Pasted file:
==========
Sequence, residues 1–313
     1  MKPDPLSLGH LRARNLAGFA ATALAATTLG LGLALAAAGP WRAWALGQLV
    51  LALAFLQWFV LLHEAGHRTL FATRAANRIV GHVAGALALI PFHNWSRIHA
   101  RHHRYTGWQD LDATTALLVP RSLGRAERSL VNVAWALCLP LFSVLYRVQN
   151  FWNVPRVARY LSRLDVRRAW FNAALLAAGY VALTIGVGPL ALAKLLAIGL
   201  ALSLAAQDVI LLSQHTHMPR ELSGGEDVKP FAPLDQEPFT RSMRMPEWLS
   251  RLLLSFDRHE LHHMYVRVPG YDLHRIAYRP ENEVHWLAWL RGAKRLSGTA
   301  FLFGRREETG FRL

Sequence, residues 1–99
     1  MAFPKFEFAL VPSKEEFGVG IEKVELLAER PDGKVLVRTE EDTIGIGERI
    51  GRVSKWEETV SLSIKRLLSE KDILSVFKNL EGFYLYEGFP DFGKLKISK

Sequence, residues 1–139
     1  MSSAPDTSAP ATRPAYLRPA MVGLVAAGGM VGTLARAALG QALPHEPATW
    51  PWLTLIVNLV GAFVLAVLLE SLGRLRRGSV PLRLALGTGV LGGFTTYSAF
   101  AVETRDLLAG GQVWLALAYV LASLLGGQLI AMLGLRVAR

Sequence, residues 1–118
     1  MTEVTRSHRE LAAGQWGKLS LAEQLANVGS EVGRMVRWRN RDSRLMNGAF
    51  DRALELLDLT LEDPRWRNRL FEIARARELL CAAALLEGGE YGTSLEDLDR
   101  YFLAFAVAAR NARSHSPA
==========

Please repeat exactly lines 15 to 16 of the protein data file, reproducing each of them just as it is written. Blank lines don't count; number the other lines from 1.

   101  AVETRDLLAG GQVWLALAYV LASLLGGQLI AMLGLRVAR

Sequence, residues 1–118